Many of the panels depict very well-known legends of the state, such as the stories of Mark Twain and the legend of Jesse James. Mark Twain's stories are painted to look larger than life on the walls as they have become for the pride of Missouri. Huck Finn towers over Tom Sawyer and the rest of the lounge's audience as a main figure of the mural. Jesse James' life is also described in detail by the mural. As a Missouri native, the mural shows the generosity that the famous outlaw was rumored to be capable of. He is painted working hard alongside American Indians and slaves. Essentially, he is seen to be an integral part of Missouri society, despite the banditry he committed.
I'm sure I am not the only one who has been captivated by the mural in the House Lounge, and I feel the Missouri Capitol is lucky to house such an incredible piece of art.
I have finally got into the swing of things down in Jeff City, and my life was a little unraveled when I didn't have a committee hearing on Monday to go to. I really like the fast-paced turn-around of writing stories on deadline after committees, but I might like enterprising even more. I started work on the nonhuman primate act that Sen. Keaveny is trying to pass through the legislature. I found the bill pretty comical until I delved into the subject.
I found out that there have been a few attacks on humans by said primates in the United States over the last few years. Sen. Keaveny's legislative assistant, Stacy, was kind enough to send me a video about a particular one in Kansas City. This chimpanzee threw trash cans at Kansas City Police officers and attacked a little girl. Another chimp-gone-mad went off on a woman in Connecticut two years ago and mauled her face beyond recognition. The link between these two? Both apes were purchased from Jefferson County, Mo. I started looking into this and found that there are multiple sites where you can buy apes, tigers, lions and other exotic carnivores, and many states like Missouri don't regulate the ownership of these dangerous animals.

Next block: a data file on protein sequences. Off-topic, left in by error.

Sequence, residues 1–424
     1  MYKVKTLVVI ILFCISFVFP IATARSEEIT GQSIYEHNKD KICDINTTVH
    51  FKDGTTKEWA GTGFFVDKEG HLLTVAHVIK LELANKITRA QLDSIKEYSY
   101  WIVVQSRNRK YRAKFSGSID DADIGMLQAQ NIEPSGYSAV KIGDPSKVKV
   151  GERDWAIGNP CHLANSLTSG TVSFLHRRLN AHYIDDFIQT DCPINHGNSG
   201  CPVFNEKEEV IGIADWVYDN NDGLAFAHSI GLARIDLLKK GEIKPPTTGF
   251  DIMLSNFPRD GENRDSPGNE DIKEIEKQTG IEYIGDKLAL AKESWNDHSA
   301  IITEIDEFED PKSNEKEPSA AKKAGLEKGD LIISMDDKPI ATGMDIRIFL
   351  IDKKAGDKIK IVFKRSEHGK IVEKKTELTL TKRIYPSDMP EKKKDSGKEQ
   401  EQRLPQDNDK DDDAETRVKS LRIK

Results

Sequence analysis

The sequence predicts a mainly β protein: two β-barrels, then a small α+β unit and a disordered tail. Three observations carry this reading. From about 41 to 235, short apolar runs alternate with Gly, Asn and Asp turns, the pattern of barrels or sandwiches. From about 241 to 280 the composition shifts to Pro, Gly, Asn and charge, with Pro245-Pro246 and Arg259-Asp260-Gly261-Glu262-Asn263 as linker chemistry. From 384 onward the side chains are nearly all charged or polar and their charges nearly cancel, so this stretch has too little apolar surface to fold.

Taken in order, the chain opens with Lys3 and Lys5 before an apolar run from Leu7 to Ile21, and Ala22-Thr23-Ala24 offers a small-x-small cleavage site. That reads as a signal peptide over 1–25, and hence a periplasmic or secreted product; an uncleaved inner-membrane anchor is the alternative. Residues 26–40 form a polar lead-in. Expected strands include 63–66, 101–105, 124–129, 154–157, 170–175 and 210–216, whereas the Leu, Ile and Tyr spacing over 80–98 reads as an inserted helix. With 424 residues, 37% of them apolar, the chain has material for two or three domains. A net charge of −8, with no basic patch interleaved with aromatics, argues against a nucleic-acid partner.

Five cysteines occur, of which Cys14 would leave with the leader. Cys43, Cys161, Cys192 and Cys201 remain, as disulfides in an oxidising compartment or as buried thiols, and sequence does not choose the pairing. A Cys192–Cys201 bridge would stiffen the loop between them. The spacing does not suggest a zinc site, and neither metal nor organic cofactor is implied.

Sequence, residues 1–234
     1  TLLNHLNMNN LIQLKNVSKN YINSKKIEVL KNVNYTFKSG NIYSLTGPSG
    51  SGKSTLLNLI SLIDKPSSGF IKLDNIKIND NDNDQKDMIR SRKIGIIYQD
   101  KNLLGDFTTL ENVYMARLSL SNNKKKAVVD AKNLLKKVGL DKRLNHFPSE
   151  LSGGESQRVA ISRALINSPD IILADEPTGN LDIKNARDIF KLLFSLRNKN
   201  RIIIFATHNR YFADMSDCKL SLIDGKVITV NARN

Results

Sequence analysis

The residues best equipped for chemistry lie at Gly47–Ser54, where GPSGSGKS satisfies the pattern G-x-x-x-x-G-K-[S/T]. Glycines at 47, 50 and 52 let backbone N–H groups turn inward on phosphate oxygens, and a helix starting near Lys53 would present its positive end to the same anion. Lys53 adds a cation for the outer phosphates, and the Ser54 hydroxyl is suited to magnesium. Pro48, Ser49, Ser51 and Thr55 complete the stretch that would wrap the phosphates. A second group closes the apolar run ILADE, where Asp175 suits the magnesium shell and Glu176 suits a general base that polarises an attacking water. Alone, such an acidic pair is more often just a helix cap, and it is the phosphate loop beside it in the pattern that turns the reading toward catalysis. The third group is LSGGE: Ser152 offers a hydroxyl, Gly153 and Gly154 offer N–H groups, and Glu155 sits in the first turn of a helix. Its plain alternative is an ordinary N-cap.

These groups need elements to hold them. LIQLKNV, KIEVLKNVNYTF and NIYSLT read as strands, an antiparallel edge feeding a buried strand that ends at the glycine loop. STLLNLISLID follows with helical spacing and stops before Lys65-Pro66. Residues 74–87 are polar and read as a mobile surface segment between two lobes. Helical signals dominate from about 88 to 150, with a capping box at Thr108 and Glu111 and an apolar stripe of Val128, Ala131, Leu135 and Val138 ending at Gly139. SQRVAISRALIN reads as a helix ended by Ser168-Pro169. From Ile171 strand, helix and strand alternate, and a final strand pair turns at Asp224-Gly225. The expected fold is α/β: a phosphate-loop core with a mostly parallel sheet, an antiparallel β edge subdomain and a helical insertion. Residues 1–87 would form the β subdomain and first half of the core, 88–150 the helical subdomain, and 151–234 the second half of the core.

On Tuesday I spoke with the Vice President of the St. Louis Zoo who told me that his zoo called on the senator to do something about the primate problem they are having. He spoke eloquently about the need for the Dept. of Agriculture to know exactly how many primates are owned as pets in the state, and this act would ensure that with permits on the animals. He also expressed concern for the animals welfare, since the act would require regular veterinary care. I'm not sure what kind of vets know a whole lot on these animals, but I'll find out.
The hearing is scheduled for March 2, but that's not a definite date. Once I know more about the monkeys, I'll keep going. But for now, in the state of Missouri, monkey owners see no evil, hear no evil, and speak no evil.